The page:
Why the Medication Rebellion?

In search of explanations, researchers for a 2009 report by the nonprofit RAND Corp., “A Review of Barriers to Medication Adherence,” combed through 4,660 related articles written between 1998 and 2009. But answers weren’t easy to come by; reasons for noncompliance tend to be individual and the ways of measuring it vary, says lead author Walid Gellad, M.D., adjunct researcher for RAND and an assistant professor of medicine at the University of Pittsburgh. “I think adherence involves several steps: filling the prescription, staying on the prescription and taking it as you’re supposed to.”

Still, three barriers to compliance stood out: cost, the complexity of the medication regimen and beliefs about the medication.         

“If costs are higher, people take their medications less,” says Gellad. “If you’re paying out of pocket and you don’t see results, that has to be incredibly frustrating,” says Fincham.

For some, a challenge to adherence is remembering to take medications throughout the day – or even prioritizing that need. It’s especially challenging if you have other burdens like depression or dementia, or if you’re taking care of someone else, says rheumatologist Robin Dore, MD, clinical professor of medicine at the University of California, Los Angeles. “Some people don’t take their medications because their lives are complicated.”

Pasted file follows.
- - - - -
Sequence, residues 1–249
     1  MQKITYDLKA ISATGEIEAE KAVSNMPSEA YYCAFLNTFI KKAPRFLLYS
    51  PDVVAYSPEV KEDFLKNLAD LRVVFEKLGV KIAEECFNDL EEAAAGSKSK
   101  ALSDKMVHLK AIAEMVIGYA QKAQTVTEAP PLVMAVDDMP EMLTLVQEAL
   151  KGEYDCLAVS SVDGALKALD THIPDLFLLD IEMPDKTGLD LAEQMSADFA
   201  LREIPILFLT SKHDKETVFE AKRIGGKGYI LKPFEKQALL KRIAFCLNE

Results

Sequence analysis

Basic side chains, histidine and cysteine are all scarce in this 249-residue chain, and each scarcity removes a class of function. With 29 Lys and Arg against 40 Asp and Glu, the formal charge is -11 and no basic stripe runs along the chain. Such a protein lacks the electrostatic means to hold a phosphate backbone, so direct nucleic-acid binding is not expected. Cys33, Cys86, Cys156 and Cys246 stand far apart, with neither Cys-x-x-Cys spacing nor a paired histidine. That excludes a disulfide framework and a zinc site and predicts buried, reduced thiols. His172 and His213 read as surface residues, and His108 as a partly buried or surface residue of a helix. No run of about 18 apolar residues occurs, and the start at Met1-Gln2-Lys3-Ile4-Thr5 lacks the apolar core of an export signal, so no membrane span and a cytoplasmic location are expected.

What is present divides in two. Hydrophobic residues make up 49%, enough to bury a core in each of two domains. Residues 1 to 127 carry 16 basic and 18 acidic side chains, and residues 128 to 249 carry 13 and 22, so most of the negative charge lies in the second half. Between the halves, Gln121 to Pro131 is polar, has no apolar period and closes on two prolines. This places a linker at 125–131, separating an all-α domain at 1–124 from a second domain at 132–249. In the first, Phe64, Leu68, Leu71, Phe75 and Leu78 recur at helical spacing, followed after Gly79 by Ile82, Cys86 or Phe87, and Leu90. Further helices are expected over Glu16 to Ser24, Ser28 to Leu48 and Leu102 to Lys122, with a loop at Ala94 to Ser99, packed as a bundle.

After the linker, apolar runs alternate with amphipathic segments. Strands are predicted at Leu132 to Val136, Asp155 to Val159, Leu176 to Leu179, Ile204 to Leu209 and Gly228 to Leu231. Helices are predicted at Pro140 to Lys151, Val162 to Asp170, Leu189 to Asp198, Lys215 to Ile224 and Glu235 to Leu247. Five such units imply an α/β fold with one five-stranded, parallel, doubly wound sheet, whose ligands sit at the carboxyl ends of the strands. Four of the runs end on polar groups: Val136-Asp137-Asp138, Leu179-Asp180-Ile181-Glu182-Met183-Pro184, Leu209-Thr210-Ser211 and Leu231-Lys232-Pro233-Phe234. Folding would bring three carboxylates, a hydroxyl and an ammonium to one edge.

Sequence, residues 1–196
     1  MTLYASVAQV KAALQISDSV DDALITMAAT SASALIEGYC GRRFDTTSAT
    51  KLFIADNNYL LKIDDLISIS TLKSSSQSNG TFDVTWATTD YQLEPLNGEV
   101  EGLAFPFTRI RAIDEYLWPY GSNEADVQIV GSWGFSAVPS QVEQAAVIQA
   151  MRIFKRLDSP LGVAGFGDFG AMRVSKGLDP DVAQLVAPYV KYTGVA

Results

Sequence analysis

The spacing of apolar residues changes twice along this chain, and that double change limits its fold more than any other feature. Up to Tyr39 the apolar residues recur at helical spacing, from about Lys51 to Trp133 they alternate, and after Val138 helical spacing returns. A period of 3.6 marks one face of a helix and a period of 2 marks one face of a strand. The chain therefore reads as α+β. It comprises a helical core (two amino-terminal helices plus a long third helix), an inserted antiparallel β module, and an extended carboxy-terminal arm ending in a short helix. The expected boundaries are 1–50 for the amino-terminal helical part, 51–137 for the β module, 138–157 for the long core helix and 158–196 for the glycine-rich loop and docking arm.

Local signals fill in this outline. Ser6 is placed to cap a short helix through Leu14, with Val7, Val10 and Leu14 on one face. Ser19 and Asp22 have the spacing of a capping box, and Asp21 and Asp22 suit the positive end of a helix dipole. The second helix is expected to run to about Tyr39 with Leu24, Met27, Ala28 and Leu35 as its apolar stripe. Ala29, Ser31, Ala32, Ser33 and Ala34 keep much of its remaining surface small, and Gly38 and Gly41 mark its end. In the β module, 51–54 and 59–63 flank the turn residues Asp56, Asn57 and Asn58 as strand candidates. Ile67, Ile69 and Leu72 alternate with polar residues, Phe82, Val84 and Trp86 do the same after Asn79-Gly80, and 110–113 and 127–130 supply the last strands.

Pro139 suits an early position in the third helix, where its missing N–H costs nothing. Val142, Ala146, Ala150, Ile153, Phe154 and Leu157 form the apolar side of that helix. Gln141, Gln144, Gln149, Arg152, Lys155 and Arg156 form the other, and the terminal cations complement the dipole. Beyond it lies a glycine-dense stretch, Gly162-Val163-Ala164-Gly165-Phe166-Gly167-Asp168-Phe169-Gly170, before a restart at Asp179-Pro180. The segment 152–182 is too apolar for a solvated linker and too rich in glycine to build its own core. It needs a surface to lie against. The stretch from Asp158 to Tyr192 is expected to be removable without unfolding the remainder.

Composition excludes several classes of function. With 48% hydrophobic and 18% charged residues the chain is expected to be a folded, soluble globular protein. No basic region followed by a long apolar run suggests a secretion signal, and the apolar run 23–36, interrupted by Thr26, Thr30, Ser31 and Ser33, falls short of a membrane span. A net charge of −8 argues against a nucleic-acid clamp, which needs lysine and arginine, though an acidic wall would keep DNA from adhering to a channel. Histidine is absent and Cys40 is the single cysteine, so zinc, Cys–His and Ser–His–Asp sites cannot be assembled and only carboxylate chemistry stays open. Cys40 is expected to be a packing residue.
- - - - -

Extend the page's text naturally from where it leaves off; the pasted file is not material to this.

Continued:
And many people with arthritis may be taking drugs for other conditions. According to AARP, the average American over 75 takes more than 11 drugs per year.

“People get tired of having a chronic disease,” says DiMatteo. “Maintenance and management take a lot of energy, and it keeps reminding you that you have the disease.”

Having to self-inject medicine, such as certain disease-modifying antirheumatic drugs (DMARDs), adds an additional layer of complications, says Fincham. “It hurts and it’s difficult to do. I don’t blame anyone who would want to take a holiday from that.”

Certain perceptions about medicine can also hinder adherence to a drug regimen, says Gellad. “People may have fears about a medication’s side effects or think it won’t work.”

They might also believe erroneous information they get from friends, family members or the Internet. Or they may simply be cynical about medical care. “If they believe that doctors overprescribe, they could reject what their doctor says,” says DiMatteo.